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Published August 13th, 2014
Senior Writing Course Opens Doors to the Past
Seniors participate in a recent writing seminar at the Lafayette Community Center. Photo provided

"Dinner hour on the day of my seventh birthday is a local legend," writes 71-year-old Janet Clark in the opening paragraph of her essay "Friends for Dinner." The first piece in a spring anthology of senior writing, Clark's essay depicts a special memory from her childhood. She worked on the story while attending "Document Your Life Story," a semester-long writing course offered through Lafayette Senior Services.
The course, which provides instruction in the craft of writing personal essays and memoir, was facilitated by Saint Mary's Master of Fine Arts graduate Yuska Lufti. "I believe that they have so much wisdom and so many life lessons to share with us," Lufti said of his students. "This wisdom and these life lessons need to be written down and documented."
"Document Your Life Story" was dreamed up by Maureen Neumann, Senior Services coordinator at Lafayette Parks and Recreation. Neumann had documented the stories of seniors in a previous position and had seen how valuable that act of sharing can be. "That's how I came up with the idea," she said. "I had the seniors and we had a writing group, but they weren't documenting their life stories, they were just writing."
Neumann made a call to the MFA program at Saint Mary's in July of 2012 and explained what she was looking for in terms of instruction. Coordinator of student services Candace Eros Diaz was tickled. "One of our original goals was to do more social justice with the program," said Diaz. "It was just one of those opportunities that we couldn't pass up." Diaz recruited MFA candidate Michael Caligaris and connected him with Professor Marilyn Abildskov, who had experience with teaching writing to seniors.
"I always wanted to teach, and figured there was no better situation than this - one where both student and teacher would be learning from each other," said Caligaris. "I was so green coming in. But by the end I felt in control, had a handle on the material and was blown away by the responses I received." The first session, which Caligaris believes will be the anchor for every class he teaches in the future, consisted of roughly 10 classes offered every other week.
The second session was led by Lufti the following spring and gave the additional opportunity of attending regular "craft talks" on the Saint Mary's campus. "[The seniors] ask these really cool questions and add a really unique layer to our craft conversations," remarked Diaz. The second session also included a class blog (which can be found at http://lafayetteseniors.wordpress.com/) and a printed anthology for students who chose to participate. "Every year it gets better and better," said Diaz.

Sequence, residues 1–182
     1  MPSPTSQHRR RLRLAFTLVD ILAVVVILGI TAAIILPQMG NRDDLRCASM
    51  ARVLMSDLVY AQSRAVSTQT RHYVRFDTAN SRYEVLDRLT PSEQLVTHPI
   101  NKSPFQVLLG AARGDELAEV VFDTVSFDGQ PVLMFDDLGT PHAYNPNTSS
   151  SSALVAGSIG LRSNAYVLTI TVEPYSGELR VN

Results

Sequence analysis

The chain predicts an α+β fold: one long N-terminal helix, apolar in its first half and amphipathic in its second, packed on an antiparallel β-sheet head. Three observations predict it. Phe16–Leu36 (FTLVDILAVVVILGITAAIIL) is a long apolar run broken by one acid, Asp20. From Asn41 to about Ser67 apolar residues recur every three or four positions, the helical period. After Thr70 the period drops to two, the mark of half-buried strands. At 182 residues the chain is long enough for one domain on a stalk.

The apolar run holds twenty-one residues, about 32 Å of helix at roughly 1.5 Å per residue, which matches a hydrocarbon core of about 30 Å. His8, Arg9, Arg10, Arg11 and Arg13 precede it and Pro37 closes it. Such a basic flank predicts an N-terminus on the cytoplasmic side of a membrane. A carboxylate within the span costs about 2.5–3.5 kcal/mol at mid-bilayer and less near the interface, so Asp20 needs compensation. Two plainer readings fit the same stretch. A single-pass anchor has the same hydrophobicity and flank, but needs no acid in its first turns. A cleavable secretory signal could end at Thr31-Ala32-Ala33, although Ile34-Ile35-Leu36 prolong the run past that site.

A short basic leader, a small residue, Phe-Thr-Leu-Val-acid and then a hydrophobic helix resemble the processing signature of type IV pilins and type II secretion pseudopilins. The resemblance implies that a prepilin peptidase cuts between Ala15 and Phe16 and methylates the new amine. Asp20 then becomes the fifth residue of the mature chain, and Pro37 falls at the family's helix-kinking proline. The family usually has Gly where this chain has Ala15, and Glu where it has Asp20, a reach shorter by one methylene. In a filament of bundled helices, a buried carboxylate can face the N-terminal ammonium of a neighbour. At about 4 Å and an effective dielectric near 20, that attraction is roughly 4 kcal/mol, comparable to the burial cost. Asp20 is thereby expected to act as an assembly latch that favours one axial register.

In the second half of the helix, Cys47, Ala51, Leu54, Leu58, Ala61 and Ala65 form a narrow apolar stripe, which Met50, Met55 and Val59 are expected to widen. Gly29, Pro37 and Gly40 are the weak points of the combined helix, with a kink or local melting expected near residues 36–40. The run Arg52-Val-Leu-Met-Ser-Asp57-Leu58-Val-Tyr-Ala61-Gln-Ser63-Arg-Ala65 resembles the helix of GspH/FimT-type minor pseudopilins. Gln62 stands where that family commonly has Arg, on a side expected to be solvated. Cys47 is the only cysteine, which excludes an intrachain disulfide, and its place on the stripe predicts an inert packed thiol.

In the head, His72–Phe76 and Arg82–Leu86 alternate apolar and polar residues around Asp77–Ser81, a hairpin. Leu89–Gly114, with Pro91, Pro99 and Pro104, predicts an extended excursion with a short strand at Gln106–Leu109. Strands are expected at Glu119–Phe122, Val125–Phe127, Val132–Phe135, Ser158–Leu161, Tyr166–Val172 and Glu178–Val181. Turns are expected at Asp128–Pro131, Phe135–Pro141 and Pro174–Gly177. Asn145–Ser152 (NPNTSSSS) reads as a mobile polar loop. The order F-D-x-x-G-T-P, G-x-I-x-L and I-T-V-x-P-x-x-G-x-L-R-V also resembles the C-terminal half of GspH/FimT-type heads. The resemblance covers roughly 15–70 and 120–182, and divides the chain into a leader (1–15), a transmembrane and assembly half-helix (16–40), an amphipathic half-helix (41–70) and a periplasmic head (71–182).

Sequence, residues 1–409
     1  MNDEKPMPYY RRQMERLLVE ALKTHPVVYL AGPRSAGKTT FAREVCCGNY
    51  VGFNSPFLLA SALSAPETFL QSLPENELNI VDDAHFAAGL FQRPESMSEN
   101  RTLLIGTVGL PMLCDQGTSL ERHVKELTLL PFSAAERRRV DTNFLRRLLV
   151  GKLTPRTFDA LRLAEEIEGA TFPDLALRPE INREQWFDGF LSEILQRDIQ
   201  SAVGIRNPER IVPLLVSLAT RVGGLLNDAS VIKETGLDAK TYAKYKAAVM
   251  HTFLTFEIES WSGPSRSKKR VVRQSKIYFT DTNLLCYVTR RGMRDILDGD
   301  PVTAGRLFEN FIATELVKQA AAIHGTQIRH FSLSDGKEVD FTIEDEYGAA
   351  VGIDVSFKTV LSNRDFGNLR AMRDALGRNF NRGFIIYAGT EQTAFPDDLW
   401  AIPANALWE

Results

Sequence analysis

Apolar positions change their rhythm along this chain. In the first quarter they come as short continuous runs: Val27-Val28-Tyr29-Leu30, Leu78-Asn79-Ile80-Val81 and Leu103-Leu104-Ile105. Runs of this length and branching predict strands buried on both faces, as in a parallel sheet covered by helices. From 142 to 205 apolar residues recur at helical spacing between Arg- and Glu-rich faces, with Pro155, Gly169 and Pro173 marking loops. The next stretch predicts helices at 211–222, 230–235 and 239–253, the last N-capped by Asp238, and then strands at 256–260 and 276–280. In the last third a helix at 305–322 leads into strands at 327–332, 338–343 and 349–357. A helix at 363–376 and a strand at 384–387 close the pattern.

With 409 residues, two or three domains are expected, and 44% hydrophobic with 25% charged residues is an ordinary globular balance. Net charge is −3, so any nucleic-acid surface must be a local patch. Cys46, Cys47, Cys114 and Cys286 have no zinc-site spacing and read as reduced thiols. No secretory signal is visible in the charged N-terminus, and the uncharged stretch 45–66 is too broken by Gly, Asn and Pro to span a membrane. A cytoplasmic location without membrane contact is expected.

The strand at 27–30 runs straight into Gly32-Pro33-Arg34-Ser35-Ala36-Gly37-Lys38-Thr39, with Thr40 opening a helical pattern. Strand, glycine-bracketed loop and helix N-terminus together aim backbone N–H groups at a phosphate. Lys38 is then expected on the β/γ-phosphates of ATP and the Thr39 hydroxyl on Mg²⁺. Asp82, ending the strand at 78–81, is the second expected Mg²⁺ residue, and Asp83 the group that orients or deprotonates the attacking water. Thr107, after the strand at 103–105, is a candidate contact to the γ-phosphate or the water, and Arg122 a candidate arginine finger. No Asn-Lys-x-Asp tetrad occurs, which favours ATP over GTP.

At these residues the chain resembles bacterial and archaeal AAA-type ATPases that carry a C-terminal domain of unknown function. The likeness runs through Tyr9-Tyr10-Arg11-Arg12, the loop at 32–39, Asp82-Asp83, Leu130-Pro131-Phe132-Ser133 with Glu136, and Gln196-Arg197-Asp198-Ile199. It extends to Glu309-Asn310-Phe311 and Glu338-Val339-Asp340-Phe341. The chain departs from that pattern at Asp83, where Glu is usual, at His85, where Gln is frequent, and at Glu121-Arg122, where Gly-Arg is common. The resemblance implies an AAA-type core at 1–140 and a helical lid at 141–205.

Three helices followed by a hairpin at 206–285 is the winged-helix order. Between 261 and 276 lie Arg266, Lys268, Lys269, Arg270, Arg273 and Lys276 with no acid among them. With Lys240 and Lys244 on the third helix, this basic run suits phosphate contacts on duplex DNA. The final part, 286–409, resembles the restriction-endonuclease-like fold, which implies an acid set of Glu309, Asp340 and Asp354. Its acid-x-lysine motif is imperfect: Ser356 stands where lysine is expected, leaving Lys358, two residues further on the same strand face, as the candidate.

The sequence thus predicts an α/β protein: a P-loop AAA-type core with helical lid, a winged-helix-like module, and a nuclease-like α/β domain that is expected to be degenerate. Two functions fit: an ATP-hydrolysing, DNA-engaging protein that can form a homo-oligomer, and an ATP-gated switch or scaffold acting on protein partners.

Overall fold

"The partnership is such a win-win," added Neumann. "Anytime we can partner with anyone else in the community there's a mutual benefit. It gives us a wonderful instructor and gives the students a vehicle for being involved in the community."
In addition to personal and professional development, that kind of involvement often leads to relationship. "As I got to know [the students] through their writing, I realized that all of them had gone through so many tragedies but kept on going," said Lufti. "I think they showed me the true meaning of growing old gracefully."
Roughly 50 seniors have participated in the course so far. The response has been overwhelmingly positive. "You feel very comfortable," said Joan Wahl Countryman. "A lot of us are a little shy about putting ourselves out there, but you have that feeling of being secure." Countryman has seen her writing improve since joining the class. "You're never too old to learn," she said. Janet Clark agreed, stating, "The more you do it the better you get."
"The participants have come into my office and sent emails of appreciation for how grateful they are for this class," said Neumann. "What I've heard frequently is that the writing that they've been led to do has been extremely cathartic. It's lifted burdens."
The next session of "Document Your Life Story" will be offered this fall. Anyone interested in participating can call Lafayette Senior Services at (925) 284-5050 for information on dates, times and class fees. Classes will take place at the Lafayette Community Center, 500 St. Mary's Rd. You can also look for details in the activity guide found at www.lafayetterec.org.


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